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WVPA Sharing: Downloadable version of Kids Health No. 6

Hi everyone,
We are distributed article No. 6 in the West Virginia Press Association special Kids’ Health news series.
 The article is coverage of the two-day symposuim in Charleston by the “Our Children, Our Future” movement. It can stand alone or run as part of the series. You will get the article, logo and a photo.
The WVPA’s Kids Health Series is our first association-generated shared editorial series.
We think this series, which tracks a statewide campaign to improve kids’ health and battle child poverty in West Virginia will be a worthy addition to your newspaper and a welcome feature between now and the 2014 Legislative session. It’s a topic that involves your county but is also of statewide interest with a coalition of groups and individuals with a statewide presence. Every newspaper’s readership should have personal involvement.Today’s article is writtern by Nanya Friend, recently retired publisher and editor of the Charleston Daily Mail.
The coalition is working to improve the health of WV children and battle poverty in the state. Nanya and George Hohmann, journalist and recently retired business columnist for the Charleston Daily Mail, have provided the coverage.

Kids Health article 6 – 9/27/13

Story, logo and photo

Standing head:

WVPA Kids Health Logo - color

Photo: It is attached to the email – see bottom of email

Possible Quote:

“There is nothing we could do to improve the oral health of West Virginians more than to say you can’t buy pop with SNAP.”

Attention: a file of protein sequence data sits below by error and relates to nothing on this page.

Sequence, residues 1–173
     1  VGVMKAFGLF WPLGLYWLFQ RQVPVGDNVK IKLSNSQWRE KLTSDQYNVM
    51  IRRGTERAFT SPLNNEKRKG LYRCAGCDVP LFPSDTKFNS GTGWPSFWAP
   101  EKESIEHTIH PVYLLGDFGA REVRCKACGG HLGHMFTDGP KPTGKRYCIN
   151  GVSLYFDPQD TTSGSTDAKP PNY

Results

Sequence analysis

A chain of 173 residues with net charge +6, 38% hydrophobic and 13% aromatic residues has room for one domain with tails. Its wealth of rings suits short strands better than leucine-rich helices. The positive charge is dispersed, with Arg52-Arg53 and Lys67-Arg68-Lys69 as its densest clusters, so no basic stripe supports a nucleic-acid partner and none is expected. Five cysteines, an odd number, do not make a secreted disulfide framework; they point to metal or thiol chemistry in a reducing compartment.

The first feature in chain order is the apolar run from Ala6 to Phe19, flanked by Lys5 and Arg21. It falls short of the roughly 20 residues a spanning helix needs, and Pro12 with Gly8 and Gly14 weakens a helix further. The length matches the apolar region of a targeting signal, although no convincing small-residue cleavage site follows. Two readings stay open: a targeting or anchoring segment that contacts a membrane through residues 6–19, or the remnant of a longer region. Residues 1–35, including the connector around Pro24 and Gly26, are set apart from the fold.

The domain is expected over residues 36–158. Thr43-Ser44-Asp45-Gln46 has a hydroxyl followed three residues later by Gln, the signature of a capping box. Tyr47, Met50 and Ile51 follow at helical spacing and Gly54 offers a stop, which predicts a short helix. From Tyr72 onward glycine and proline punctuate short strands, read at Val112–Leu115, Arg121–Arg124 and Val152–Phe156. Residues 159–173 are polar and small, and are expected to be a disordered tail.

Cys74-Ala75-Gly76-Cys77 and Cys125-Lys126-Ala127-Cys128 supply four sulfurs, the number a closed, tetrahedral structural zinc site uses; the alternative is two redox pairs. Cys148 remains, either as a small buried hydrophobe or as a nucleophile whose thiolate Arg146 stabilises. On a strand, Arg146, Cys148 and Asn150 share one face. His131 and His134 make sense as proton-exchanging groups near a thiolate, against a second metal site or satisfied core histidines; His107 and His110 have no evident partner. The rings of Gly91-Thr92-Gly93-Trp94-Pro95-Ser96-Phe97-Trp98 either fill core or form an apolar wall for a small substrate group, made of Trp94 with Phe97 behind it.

Dick Wittberg


Mid-Ohio Valley Health Department


Suggested Headline: Policy symposium outlines child poverty issues

Suggested Sub Headline: Advocates target SNAP funds for soft drinks




Editor’s Note:  The following is part of the West Virginia Press Association’s series on the “Our Children, Our Future” Coalition. The association is following the coalition’s efforts to develop and push legislation to combat child poverty during the 2014 session of the West Virginia Legislature.

By Nanya Friend

WVPA Report

CHARLESTON — Five years ago, Dick Wittberg and his staff at the Parkersburg-based Mid-Ohio Valley Health Department organized a massive dental operation.

Wittberg, director of a department that serves six West Virginia counties, had become aware of what he calls the “unbelievable need for dental services in West Virginia.”

So his staff planned a two-day blitz and recruited area dentists to provide care to all comers.

It didn’t work out that way.

About 1,300 people were served, but many more had to be turned away. Wittberg said he was forced to go outdoors and tell people who were ready to wait all night in the rain that the effort was maxed out and they couldn’t be served.

Since then Wittberg’s department has refined its dental efforts. His staff screens people in need of care and sends them to a couple dozen local dentists who treat them voluntarily in their own offices.

But he and his crew now are mounting another battle against the scourge that affects not only the mouths, but also the general health and employment prospects of so many West Virginians.

Like David swinging at Goliath, Wittberg wants to persuade the U.S. government to let West Virginia pilot a major change in the longstanding federal Food Stamp program, now known as the Supplemental Nutritional Assistance Program, or SNAP.